Scam of the day – May 3, 2012 – Time share scams

Timeshare sales have had more than their share of scams involved with them, but in the last three years the number of people victimized by time share scams have increased dramatically.   Recently, 22 people were indicted for timeshare resale fraud in Illinois.   In Florida, timeshare resale fraud is the subject of the greatest number of consumer complaints.  Timeshares are a legitimate vacation option for many people, but particularly since the economy first soured in 2008, resales have been difficult for many people and the scammers have come in to prey upon timeshare owners trying to sell their interests with promises of buyers that never materialize after charging the timeshare owners upfront fees of between $2,000 and $8,000 that vanishes with the scammers.

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Always check out the legitimacy of anyone proposing to help you sell your timeshare.  You can check with the Better Business Bureau at www.bbb.org, your state’s attorney general at www.naag.org and your local consumer protection agencies at www.consumeraction.gov.  Make sure you have a lawyer review any contract before you sign it and it is a good idea not to pay in advance for the services of someone purporting to assist you in reselling your timeshare unit.

Scam of the day – May 2, 2012 – Extended Warranties

This is another oldie but goodie scam that continues to scam people out of hard earned money, but recently became the subject of new legislation in Missouri although the issue is a countrywide problem.  The problem are extended warranties for your automobile.  Actually, they are not “extended” warranties at all because if you read the fine print you will notice that although the notice looks official,  it is not from either the car manufacturer who issued your original warranty nor the car dealer who sold you the car.  The warranties themselves vary from scammer to scammer with some of the “extended” warranties being relatively worthless, but with all of them based on misrepresentations, how can you trust them, in any event?

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Always read the fine print of any communication you receive regardless of how official it looks.  In regard to car warranties, it is always a good idea to check with your dealer as to what warranties cover your car.

Scam of the day – May 1, 2012 – FTC study on identity theft

From time to time, the Federal Trade Commission (FTC) focuses its attention on particular areas of identity theft and they have just announced that they will be studying identity theft that targets senior citizens.  Any senior citizen who has been a victim of identity theft or who wishes to comment can send their comments to the FTC at http://www.ftc.gov/os/publiccomments.shtm.  You should title your comments as “Senior Identity Theft PO65411.”  Your comments will be included in public records so it is important not to include any personal information that could actually be used to make you a victim of identity theft.

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Senior citizens should be particularly wary of identity theft schemes involving abuse of Durable Powers of Attorney and financial abuse by family members or advisers such as accountants, lawyers and financial planners.

Scam of the day – April 30, 2012 – Phony Medical identification cards

Most new scams are just variations on old scams and this one is no exception.  Many people, particular older Americans are receiving telephone calls from their medical insurance companies informing them that they will be receiving new identification cards for new expanded benefits which will now include dental and vision coverage.  Then comes the kicker.  All the company needs, you are told is just some bank account information for confirmation.  If you give the information to the scammer, you are giving them the keys to your bank account and making yourself a victim of identity theft.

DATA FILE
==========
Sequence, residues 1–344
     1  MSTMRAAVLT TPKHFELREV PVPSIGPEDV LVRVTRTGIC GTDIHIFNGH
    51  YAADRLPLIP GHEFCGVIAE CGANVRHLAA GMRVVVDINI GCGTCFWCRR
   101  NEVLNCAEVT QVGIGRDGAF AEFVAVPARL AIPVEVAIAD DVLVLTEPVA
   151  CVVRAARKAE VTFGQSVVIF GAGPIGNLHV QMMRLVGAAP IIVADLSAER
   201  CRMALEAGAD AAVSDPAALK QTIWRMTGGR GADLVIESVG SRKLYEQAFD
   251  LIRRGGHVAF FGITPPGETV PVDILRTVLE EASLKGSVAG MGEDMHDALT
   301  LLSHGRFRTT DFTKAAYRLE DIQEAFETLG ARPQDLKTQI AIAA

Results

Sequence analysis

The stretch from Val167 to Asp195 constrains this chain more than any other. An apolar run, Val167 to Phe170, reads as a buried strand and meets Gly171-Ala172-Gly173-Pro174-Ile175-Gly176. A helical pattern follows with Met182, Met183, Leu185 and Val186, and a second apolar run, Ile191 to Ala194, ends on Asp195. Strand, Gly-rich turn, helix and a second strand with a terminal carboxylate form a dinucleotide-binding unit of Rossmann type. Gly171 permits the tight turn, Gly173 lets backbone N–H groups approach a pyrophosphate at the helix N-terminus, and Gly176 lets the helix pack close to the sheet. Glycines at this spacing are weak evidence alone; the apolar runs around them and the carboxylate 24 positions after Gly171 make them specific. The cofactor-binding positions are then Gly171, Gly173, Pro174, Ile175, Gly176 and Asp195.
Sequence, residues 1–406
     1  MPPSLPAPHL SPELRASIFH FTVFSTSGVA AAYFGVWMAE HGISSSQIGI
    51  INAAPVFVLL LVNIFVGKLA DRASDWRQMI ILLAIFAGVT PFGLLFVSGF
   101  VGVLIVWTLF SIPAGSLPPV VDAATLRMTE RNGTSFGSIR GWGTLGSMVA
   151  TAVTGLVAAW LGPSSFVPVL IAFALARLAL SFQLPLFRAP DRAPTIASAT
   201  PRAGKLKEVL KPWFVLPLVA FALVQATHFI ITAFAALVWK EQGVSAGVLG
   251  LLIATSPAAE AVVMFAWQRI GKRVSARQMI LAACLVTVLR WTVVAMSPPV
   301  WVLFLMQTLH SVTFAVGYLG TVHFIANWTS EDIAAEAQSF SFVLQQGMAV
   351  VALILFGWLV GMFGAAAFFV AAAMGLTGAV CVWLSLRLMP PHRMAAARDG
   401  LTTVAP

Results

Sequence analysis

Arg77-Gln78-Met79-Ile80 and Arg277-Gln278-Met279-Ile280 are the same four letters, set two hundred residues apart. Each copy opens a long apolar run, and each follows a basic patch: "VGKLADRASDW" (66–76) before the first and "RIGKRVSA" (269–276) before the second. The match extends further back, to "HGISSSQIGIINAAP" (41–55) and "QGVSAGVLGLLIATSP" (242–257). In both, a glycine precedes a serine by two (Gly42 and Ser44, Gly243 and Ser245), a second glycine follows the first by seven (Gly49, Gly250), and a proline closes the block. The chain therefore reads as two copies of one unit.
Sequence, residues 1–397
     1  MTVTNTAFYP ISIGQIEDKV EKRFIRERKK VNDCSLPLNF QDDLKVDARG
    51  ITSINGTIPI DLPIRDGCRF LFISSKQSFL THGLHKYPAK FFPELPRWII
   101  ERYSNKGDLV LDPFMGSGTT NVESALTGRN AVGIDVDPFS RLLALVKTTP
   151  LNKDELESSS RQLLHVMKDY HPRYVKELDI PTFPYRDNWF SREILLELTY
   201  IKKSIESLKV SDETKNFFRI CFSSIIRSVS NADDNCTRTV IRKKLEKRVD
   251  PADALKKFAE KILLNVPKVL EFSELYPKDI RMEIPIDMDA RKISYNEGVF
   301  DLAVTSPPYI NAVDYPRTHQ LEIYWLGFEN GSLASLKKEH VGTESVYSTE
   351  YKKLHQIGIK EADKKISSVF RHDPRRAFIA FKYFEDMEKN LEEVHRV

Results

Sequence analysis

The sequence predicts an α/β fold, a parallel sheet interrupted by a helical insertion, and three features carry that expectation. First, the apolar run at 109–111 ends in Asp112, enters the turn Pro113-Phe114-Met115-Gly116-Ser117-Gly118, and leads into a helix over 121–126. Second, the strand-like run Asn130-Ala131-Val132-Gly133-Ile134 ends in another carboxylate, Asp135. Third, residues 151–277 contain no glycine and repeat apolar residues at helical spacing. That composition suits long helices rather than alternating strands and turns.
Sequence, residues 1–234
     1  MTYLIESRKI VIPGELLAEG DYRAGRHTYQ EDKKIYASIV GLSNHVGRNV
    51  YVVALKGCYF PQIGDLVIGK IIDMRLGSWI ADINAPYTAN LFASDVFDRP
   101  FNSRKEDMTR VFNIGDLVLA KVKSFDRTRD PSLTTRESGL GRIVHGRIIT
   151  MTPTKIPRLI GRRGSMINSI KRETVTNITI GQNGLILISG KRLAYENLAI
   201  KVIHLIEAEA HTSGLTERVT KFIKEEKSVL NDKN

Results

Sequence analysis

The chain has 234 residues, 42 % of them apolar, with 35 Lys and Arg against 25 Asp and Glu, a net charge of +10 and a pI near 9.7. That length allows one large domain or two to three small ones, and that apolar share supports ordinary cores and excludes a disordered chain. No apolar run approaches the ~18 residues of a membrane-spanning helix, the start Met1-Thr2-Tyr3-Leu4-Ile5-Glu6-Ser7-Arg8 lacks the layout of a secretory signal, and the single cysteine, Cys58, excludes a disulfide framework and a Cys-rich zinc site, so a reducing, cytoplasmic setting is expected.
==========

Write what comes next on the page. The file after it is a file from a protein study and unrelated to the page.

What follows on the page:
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Never give information to anyone over the phone  whom you have not called because you can never be sure who they are.  Also, consider why anyone, such as this person, would even require such information.  There is no reason your medical insurer would need your bank account information.  Whenever you have any question as to whether such a call is legitimate, merely call the number for the company with which you do  business at a number that you know is legitimate and you can confirm whether or not the initial call was a scam.

Scam of the day – April 29, 2012 – Mobile device hacking

Mobile device hacking whether it be your smart phone or iPad or other mobile device is turning into the new target of scammers and identity thieves and with good reason.  More and more people are using their mobile devices not just to store important personal information, but also to do financial transactions such as shopping and banking.  Unfortunately we have a perfect storm when it comes to hacking into portable devices.  They contain much information of value to scammers and identity thieves, they are easty to hack into and the owners of portable devices are not taking the steps to secure these devices as much as they would their computers.  Thus more and more people are having their information stolen and becoming victims of identity theft.

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Make the physical security of your mobile device a priority.  Theft of the devices is an easy way to fall victim to identity theft.  Also protect your portable device with hard to guess passwords.  Also use encryption software and make sure that your device is kept up to date with the latest security software patches.  Finally, one of the biggest threats to your security on your portable device comes from downloading malware through corrupted apps.  Only download apps from legitimate sources and only download apps you are sure are safe.  Finally, whenever you download an app, pay attention to the permissions and services that are part of the app agreement and do not give access to transmit data that is not necessary for the operation of the app.